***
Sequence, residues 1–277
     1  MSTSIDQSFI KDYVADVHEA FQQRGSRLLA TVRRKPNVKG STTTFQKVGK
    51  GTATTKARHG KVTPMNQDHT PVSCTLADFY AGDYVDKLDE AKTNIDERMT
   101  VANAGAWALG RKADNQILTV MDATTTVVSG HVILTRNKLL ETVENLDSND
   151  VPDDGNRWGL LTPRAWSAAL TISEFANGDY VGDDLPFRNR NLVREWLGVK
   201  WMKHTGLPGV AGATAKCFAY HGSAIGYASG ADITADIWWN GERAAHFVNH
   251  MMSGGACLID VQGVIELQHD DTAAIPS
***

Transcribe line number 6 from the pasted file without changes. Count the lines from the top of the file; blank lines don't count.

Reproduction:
   201  WMKHTGLPGV AGATAKCFAY HGSAIGYASG ADITADIWWN GERAAHFVNH